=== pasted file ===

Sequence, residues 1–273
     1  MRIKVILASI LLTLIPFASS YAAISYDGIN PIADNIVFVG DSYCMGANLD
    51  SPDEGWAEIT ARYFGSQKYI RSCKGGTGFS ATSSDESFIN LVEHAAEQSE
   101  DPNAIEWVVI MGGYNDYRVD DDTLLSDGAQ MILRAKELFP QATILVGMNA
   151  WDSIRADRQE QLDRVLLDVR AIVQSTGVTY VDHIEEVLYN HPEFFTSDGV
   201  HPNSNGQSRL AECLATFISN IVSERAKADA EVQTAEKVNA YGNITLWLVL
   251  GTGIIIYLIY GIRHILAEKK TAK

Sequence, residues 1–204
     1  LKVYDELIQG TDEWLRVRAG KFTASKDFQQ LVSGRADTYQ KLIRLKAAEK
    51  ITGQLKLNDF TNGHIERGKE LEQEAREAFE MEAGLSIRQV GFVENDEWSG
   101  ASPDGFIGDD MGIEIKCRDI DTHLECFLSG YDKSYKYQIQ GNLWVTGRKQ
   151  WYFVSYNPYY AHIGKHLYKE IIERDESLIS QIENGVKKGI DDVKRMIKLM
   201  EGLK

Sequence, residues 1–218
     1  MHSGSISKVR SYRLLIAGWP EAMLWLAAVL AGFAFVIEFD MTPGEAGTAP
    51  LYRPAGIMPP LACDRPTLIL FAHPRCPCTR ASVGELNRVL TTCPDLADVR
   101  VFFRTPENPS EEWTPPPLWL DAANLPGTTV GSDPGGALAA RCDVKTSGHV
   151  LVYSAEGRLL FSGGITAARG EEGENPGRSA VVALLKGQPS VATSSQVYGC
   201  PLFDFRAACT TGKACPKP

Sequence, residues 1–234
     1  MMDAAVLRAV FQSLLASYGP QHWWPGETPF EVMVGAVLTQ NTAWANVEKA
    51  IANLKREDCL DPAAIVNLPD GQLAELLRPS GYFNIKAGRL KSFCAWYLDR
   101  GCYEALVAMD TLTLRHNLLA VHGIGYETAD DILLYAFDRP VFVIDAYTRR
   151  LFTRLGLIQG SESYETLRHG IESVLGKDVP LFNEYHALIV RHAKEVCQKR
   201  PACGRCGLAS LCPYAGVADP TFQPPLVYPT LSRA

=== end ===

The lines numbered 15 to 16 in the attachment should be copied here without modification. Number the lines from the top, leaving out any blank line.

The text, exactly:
     1  MHSGSISKVR SYRLLIAGWP EAMLWLAAVL AGFAFVIEFD MTPGEAGTAP
    51  LYRPAGIMPP LACDRPTLIL FAHPRCPCTR ASVGELNRVL TTCPDLADVR